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by THE INLANDER & r & & r & ALIENS VS PREDATOR: REQUIEM & r & & r & The Predators are back to kill the Aliens. AvP:R is better than the original only because it's rated R and because it doesn't take place in a futuristic pyramid in present-day Antarctica. Twentieth Century Fox has sold out the Bedford Falls of everyone's nostalgia for the sci-fi franchises of Pottersville in a cynical, soulless cash-in. (BK) Rated R





ALVIN AND THE CHIPMUNKS


For anyone living in the last quarter of the 20th century, this needs no introduction. The classic cartoon is live-action and computerized here, then fortified with Jason Lee as the chipmunks' guardian, Dave, along with a healthy bit of fecal humor. (LB) Rated PG





ATONEMENT


Director Joe Wright has made a devastatingly powerful movie with Atonement. In this story about childhood love and lost innocence set against the backdrop of WWII, Wright expertly films some of the more pivotal moments from varying angles, and we see them at different times through different character perspectives. Wright tells a tragic story that spans nearly 60 years, employing a raw intensity sometimes missing from this sort of film. Atonement is a sad romantic story that could've so easily been a rapturous one, were it not for a few childish mistakes. Its impact is a lasting one. (BG) Rated R





BEFORE THE DEVIL KNOWS YOU'RE DEAD


Sydney Lumet (Network) has long been able to pull great performances from his actors, and here he does it again with two brothers (Ethan Hawke and Philip Seymour Hoffman) -- one strapped for cash, the other outwardly successful, both moral failures -- who betray their parents. The film hangs on whether their father (Albert Finney) chooses vengeance or forgiveness. Unfortunately, Before the Devil Knows You're Dead blows its d & eacute;nouement as badly as its characters have screwed up their lives. (LB) Rated R





CHARLIE WILSON'S WAR


Director Mike Nichols and screenwriter Aaron Sorkin have conspired to make a campy movie about the way America trained the soldiers of Osama bin Laden. Tom Hanks and Julia Roberts trade too-witty barbs as a boozing and womanizing congressman and a right-wing socialite; meanwhile, Philip Seymour Hoffman steals scenes as a loose cannon and CIA fix-it man. (CS) Rated R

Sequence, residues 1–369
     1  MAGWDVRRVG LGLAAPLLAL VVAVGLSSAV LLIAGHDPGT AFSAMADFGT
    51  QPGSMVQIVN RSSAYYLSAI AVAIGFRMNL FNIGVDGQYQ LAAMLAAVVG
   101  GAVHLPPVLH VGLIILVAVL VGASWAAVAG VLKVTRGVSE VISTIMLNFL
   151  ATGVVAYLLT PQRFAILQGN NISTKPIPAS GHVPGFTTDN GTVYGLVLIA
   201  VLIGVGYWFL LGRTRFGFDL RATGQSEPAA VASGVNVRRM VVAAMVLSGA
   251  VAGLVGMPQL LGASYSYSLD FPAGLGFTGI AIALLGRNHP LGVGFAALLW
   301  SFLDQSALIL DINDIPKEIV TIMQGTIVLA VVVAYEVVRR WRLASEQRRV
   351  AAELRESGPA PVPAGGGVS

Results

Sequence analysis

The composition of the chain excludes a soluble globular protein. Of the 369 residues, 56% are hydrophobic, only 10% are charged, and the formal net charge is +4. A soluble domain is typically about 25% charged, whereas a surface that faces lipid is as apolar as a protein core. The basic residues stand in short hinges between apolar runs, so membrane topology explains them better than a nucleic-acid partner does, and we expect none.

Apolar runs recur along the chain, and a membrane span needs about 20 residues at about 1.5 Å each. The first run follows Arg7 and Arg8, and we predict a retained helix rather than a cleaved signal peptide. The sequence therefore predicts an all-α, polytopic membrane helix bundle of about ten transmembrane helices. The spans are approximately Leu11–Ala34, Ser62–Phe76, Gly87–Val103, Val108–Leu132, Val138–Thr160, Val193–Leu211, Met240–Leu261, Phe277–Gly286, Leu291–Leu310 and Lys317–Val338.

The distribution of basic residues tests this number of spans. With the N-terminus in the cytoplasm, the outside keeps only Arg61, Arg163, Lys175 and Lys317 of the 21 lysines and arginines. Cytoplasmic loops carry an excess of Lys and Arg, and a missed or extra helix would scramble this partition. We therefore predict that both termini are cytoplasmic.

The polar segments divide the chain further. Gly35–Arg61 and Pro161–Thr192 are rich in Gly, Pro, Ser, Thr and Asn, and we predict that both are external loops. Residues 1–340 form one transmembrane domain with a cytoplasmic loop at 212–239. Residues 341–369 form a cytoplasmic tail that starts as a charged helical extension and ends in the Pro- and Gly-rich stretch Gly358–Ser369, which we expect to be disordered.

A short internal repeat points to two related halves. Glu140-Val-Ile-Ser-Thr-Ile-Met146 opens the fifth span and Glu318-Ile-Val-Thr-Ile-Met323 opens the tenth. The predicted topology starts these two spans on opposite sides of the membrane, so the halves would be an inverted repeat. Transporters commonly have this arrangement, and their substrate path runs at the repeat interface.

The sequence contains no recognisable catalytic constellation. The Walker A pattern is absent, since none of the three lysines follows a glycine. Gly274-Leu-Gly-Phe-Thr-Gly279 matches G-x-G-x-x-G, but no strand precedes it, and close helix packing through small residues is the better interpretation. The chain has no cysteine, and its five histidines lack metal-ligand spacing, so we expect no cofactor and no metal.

ENCHANTED


The sweet silliness of the collective Disney animated fairy tale landscape meets the rough reality of Noo Yawk City? Why didn't someone think of this sooner? Evil queen Susan Sarandon banishes princess Amy Adams from a parody of an animated world to an idealized version of Central Park -- with prince James Marsden in florid pursuit and Patrick Dempsey lying in wait. Great for kids and grownups, Enchanted is, well, enchanting. (MJ) Rated PG





THE GOLDEN COMPASS


If it weren't for the wondrous visuals, this would only merit a "wait for the DVD" rating. The story traces the adventures of young Lyra, the only person who can read the title Compass. She and her shape-shifting daemon must go up against the evils of Mrs. Coulter (Nicole Kidman) and get a giant ice bear (voice of Ian McKellen) on her side, as she searches for a way to travel between worlds. More is coming in two planned sequels. (ES) Rated PG-13





THE GREAT DEBATERS


Denzel Washington's second directing effort endows a clich & eacute;d underdog-makes-good framework with a social justice theme. As the coach of the Wiley College debate team, he tells his students, oppressed by Jim Crow laws, that he intends "to give you back your beautiful minds." By mythologizing both a team and a social movement, Washington has created a predictable but principled film. (LB) Rated PG-13





I AM LEGEND


No invading aliens, yet New York City is desolate. There is only Robert Neville, alone in the urban vastness with his German shepherd, Sam. Will Smith plays Neville like a man pushing to keep himself too busy to have a breakdown. And when he stops to talk to mannequins, he'll break your heart. But if he's alone, why does he shut up his home every night like a fortress? (MJ) Rated PG-13